[6] Compare the open-chain hexanoic acids: a) F. M. Menger, M. Takeshita,
J. F. Chow, J. Am. Chem. SOC.103 (1981) 5939; b) S. Shinkai, S . Mori, T.
Tsubaki, T. Sone, 0. Manabe, Tetrahedron Leu. 2s (1984) 5315; highfield shifts were not reported in this case.
171 6a: 'H-NMR (CDCIJTMS int.): 6=1.25 (t, 36H, CH,), 1.89 (s, 12 aliphat. H),2.05 (s, 6 H , bridgehead CH,), 3.33 (s, 12 benzyl. H), 4.22 (4. 24
OCH2), 7.24, 7.64 (24 aromat. H).-ELMS: m / z 1622.
[8] Review: D. W. Urry, Top. Curr. Cbem. IZS(1985) 175.
[9j For transport of molecules with o r against a pH gradient, see [8].
[Cu36156]20Q
-a Novel Polyanion in the Compound
(PYH)z[C~~I,I*
*
Fig. 1. Structure and arrangement of the anion [ C U ~ ~ I , , ]in~ the
~ @crystal.
In the system pyridinium iodide/CuI, it has now been
possible to isolate the largest discrete iodocuprate(1) ion to
date. The structural determination of a compound having
the composition ( P Y H ) ~ [ C U ~revealed
I~]
that the correct
formulation was (pyH)24([Cu36156]14).[31
In addition to isolated I Q ions at the positions 8b and 24d of the cubic space
group Fm3c, eight iodocuprate(1) ions [cu&6]200 are
present in the unit cell (Fig. 1). 36 Cul, tetrahedrons joined
by two or three common edges form a structure having the
extremely rare molecule symmetry 432 (=O). The 56 I
atoms of the anion can be regarded ideally as a section of a
cubic close-packing of spheres (Fig. 2a); eight cubes, facecentered on all sides, combine to form a larger cube, which
lacks the I atoms in the middle of the faces and in the center. The Cu atoms occupy 36 tetrahedral gaps of the iodine
partial lattice in such a way that 24 Cu atoms occupy the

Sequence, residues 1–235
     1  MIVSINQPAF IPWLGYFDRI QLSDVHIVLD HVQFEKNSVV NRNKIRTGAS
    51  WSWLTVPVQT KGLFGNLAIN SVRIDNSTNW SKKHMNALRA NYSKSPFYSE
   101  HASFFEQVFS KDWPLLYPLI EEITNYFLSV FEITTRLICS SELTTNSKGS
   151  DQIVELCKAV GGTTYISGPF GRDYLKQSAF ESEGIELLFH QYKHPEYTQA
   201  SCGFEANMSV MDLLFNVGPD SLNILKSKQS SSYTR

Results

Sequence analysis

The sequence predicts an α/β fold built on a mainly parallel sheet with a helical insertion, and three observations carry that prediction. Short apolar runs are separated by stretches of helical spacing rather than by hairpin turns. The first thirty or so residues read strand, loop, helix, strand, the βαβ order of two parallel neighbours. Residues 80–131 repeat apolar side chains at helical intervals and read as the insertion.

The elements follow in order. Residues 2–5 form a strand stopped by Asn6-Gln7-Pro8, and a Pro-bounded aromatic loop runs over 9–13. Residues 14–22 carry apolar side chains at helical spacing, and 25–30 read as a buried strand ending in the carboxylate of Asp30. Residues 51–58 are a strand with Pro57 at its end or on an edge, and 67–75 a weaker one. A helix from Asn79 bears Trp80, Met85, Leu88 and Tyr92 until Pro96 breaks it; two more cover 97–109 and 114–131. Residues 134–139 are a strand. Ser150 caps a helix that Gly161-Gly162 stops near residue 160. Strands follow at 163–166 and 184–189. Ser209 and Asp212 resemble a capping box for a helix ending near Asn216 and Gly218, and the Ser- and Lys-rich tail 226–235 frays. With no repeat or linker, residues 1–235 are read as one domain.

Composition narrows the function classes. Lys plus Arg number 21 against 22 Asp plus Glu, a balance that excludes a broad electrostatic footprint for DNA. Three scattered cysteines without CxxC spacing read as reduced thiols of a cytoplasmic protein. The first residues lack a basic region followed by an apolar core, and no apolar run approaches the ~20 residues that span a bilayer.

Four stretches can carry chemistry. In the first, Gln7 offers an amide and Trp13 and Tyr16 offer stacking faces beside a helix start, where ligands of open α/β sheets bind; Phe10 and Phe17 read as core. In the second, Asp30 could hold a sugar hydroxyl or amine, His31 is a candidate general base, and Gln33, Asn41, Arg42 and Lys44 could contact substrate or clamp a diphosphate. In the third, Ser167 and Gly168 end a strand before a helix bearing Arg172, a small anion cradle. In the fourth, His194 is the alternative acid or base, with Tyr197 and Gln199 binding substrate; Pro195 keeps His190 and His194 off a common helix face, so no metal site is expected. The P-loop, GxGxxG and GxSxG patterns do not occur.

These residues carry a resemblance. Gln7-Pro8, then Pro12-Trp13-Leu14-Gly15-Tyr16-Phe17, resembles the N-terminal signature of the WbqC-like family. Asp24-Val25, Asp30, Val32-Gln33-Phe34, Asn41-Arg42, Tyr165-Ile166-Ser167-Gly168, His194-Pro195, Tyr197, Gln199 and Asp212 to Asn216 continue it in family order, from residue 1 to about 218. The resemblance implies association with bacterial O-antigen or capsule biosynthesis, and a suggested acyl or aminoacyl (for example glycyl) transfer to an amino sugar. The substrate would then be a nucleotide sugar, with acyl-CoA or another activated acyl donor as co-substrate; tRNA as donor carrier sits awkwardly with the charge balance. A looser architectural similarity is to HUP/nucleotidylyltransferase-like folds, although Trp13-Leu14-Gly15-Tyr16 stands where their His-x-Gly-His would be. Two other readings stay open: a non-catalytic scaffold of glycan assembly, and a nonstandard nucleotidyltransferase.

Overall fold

corners of a cube with octahedral habit, i.e., the positions
formed by cutting off the corners of a cube. The 12 remaining Cu atoms lie at the middle of the edges of this cube;
the centers of the faces and of the cube itself are unoccupied (Fig. 2b). If a van der Waals radius ofa 2.2 A is assumed for 1°, a diameter of approximately 7 A is obtained
for the cavity in the center of the anion. The holes in the
centers of the faces have a diameter of about 1.5 A and are
therefore too small to allow guest molecules or cations to
enter the cavity of the cube; the compound crystallizes
without molecules of solvent.
By Hans H a d " and Joachim Fuchs
Dedicated to Professor Georg Manecke on the occasion
of his 70th birthday
In iodocuprates(1) [CU,I,]("-"')~, trigonal-planar and
tetrahedrally coordinated Cu atoms are present; the Cu13
units may be joined by common edges and the CuI, tetrahedrons by common corners, edges, and faces (!) to form
higher condensed iodocuprate(1) ions. This results in a surprisingly wide range of possibilities in the structural chemistry of iodocuprates( I), from low-molecular-weight units
such as [ C U I ~ ] ~ ' [ or
I ~ the binuclear ions [ C U ~ I ~ ] ~ ~ ,
[ C U ~ I and
~ ] ~[ ~C ,U ~ I ~and
] " ~higher condensed units such
or [Cu81r3]5"
as [cu416]2Q,[ C U ~ I ~[ C] U
~ ~ I, , ][Cu611
~~,
to polymeric anions such as L[cuI?], k[cu2e], '[Cu3I?],
or ~ [ C U , I ~Such
] . ~a~ variety
~
of structures is not encountered for other iodometalates. The structure and degree of
condensation of the iodocuprates(1) is determined by the
size, form, and charge distribution of the cations involved.
[*I
Prof. Dr. H. Hartl, Prof. Dr. J. Fuchs
lnstitut fur Anorganische und Analytische Chemie
der Freien Universitat
Fabeckstrasse 34/36, D-1000 Berlin 33 (FRG)
[**I Synthesis and Structural Investigation of lodocuprates(i), Part 7. This
work was supported by the Fonds der Chemischen 1ndustrie.-Part 6:
121.
Angen. Chem. Int. Ed. Engl. 25 (1986) No. 6
a)
b)
Fig. 2. a) View along an axis perpendicular to a face of the cube, showing the
anion [Cu3a1,6]20e;large circles, I ; small circles, C u ; distances [pm]: Cu-I
264.9(5)-270.8(5), C u . . . C u 278.9(5)-285.4(7); angle ["I: I-Cu-I 103.6(2)I13.7(1). b) Cu partial structure of the anion [ C U , ~ ~ ~(cube
, ] ~ "with
~ octahedral habit). Hatched triangles: front side; black triangles: rear side.
0 VCH Verlagsgesellschafi mbH. 0-6940 Weinheim. I986
0570-0833/86/0606-0569 $ 02.50/0
569
Документ
Категория
Без категории
Просмотров
1
Размер файла
441 Кб
Теги
solutions, bicyclic, anionic, inclusion, molecules, skeletonsчsynthesis, aqueous, carbon, host, guest
1/--страниц
Пожаловаться на содержимое документа